Much as I love needle felting, and here many a purist will no doubt shake their heads and run screaming into the night, I am not a big fan of felted wings. Wings, in my opinion, do not suit the medium of felt, and so when making my first bat I wanted to experiment with ways to make a more realistic pair of flappers. Pinterest seems to be fairly certain that I need more Mod Podge in my life, so I emperimented with that, and after a few weeks’ worth of trial and error I finally hit upon the right method.
Using Mod Podge gives great life to bat wings, as it’s easy to create a leathery membrane texture. It’s a fairly simple process and requires just a few supplies and a few days advance notice because I tell you – you’re going to be spending a lot of time waiting for things to dry!
What you will need
- Black polymer clay
- Mod podge gloss lustre
- Black acryllic paint
- A mixing pot with a lid
- 2 x paintbrushes (one thick and one fine)
- A baking tray
- Silver foil
How to make the wings
1. Knead some black polymer clay until it is soft and pliable enough to form without any cracks appearing.
2. Roll three pairs of long thin tubes – one long pair, one medium pair and one short pair. Ensure that one end of each tubes is tapered.
3. Use one tube from each pair to form the structure of the wing, as below. Smooth over the gaps between each separate tube so that it appears to come from one starting point (don’t worry if there are any seams – this will be dealt with later).
4. Make sure that the two wings are mirrors of each other, as the wings will be facing different directions. Which I clearly didn’t do in the picture below *hangs head in shame*.
5. Bake the wings in an oven according to the clay’s instructions. Allow to cool.
6. Mix acryllic paint and Mod Podge in equal parts (note – this will thin the mod podge and create a thinner solution).
7. Place some flat, uncrumpled silver foil on a tray – you need it to be as crease-free as possible, as any creases will imprint into the ‘membranes’ of the wings.
8. With the wing structures placed on the foil, use the thick paintbrush to fill the gaps between each strut (as below) – don’t worry about being too neat at this point, just make sure you fill in all the gaps.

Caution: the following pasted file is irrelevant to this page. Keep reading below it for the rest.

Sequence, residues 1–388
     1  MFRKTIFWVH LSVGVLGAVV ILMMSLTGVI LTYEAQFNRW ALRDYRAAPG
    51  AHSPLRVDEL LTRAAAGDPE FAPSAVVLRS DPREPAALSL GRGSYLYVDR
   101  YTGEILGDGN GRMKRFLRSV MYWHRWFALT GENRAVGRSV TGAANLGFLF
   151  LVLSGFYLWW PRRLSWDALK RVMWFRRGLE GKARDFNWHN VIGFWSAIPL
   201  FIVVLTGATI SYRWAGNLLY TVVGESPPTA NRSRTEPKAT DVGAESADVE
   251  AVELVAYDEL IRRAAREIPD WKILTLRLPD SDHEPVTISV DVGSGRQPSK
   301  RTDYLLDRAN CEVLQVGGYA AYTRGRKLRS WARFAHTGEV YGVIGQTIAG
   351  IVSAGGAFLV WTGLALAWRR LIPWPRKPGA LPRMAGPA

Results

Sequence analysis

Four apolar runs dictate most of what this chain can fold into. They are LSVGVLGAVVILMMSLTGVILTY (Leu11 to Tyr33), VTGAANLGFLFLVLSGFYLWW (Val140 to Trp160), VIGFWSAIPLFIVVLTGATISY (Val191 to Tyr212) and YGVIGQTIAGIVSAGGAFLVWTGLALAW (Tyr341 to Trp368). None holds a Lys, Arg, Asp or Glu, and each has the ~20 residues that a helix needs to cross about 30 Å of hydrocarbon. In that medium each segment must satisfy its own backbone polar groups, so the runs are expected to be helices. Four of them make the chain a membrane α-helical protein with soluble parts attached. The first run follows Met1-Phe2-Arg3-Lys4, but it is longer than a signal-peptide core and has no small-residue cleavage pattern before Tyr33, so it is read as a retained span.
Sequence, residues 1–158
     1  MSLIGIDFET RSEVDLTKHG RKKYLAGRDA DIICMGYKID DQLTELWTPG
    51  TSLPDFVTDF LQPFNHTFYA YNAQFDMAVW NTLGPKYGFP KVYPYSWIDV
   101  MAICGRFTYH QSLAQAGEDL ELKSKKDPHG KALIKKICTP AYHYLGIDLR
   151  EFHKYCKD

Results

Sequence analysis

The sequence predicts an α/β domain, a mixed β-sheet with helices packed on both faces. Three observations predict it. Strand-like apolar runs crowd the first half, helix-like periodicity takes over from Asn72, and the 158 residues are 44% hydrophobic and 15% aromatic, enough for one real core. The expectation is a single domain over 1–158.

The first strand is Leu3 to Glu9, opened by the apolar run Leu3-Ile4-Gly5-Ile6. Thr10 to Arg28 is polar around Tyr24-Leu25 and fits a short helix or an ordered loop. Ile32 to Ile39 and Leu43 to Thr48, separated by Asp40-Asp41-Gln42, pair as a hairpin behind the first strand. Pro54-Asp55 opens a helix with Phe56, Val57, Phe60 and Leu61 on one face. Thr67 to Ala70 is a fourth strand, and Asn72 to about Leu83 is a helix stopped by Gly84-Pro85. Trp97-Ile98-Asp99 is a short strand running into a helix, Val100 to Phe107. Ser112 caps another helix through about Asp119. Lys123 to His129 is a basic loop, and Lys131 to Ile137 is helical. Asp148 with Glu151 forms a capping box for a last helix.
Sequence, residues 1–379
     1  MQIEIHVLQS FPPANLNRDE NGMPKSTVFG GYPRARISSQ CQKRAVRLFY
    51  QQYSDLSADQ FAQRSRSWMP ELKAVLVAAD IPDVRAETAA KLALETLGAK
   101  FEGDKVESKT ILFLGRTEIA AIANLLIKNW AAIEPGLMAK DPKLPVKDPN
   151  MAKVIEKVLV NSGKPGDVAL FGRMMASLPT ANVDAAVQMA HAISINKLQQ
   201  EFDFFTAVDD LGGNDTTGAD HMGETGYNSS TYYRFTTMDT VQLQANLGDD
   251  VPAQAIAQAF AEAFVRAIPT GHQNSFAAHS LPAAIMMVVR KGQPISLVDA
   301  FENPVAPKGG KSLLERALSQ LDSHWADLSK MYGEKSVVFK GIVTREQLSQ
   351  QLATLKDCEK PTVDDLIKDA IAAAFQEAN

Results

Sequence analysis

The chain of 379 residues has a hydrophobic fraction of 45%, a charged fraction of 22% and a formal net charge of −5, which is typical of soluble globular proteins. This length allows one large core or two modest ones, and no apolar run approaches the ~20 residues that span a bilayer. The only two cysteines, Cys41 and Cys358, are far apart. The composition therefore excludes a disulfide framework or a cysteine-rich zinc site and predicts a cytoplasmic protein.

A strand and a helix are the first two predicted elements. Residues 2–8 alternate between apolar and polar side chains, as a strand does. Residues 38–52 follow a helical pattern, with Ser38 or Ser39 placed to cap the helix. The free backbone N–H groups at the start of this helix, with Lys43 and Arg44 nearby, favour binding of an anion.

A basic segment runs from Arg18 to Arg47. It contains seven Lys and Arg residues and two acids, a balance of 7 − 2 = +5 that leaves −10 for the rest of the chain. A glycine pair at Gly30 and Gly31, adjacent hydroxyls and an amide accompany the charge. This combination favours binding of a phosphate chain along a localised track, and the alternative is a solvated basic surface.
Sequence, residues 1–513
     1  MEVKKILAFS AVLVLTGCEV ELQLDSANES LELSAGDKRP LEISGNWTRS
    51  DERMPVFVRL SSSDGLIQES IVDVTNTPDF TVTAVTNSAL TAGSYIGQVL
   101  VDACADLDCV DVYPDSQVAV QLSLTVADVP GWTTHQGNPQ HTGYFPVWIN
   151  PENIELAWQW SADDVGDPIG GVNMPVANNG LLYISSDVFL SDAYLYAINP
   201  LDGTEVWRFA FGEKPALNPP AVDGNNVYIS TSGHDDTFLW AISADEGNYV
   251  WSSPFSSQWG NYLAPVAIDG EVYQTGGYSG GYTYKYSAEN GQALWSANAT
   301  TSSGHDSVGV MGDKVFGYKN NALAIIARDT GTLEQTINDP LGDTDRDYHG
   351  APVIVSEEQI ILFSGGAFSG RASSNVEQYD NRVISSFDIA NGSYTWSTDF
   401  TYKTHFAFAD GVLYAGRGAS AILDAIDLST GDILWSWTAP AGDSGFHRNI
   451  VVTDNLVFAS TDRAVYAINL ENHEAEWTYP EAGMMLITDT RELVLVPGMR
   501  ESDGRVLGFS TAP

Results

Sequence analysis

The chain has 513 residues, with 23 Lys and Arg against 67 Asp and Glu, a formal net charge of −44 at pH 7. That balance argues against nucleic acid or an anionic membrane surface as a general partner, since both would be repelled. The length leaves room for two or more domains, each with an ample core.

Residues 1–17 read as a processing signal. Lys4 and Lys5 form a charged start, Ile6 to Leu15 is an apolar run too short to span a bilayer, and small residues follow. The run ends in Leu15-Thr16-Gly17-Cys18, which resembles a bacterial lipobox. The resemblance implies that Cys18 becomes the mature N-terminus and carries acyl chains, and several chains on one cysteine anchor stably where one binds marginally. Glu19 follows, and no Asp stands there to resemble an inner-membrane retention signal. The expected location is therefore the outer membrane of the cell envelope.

9. Using the thin paintbrush paint the mixture carefully over the polymer clay, making sure to cover it completely. This will hide any seams in the clay and provide a smarter, glossier finish.
10. Wait for the Mod Podge to dry. This can take 24-48 hours, depending on thickness. Go read a book, remind a loved one that you’re still alive, or go and see that ‘outside’ thing people keep telling me about.
11. When the mixture has dried it will feel rubbery and dry yet ever-so-slightly tacky (but will not leave any coloured residue on your hands). If the polymer clay needs any touching up, now’s the time to do it. Oh yes, you’ll need to wait another 24 hours for the touch-up to dry.
12. Once you’re happy with the results, carefully trim the membrances in a concave pattern (as below). Now it’s time to…
13. Turn it over an paint the back of the polymer clay and, yes, leave it another 24 hours to dry. Gotta make that back look as good as the front, y’know.
Congratulations, you have literally spent 2-4 days watching paint dry. But your bat now has wings, and for this he will be eternally grateful.
For a tutorial on how to make a bat, click here
This tutorial was created by Gabrielle Dexter of Flippity Felts and may be used freely for all non-commercial purposes. Not available for resale.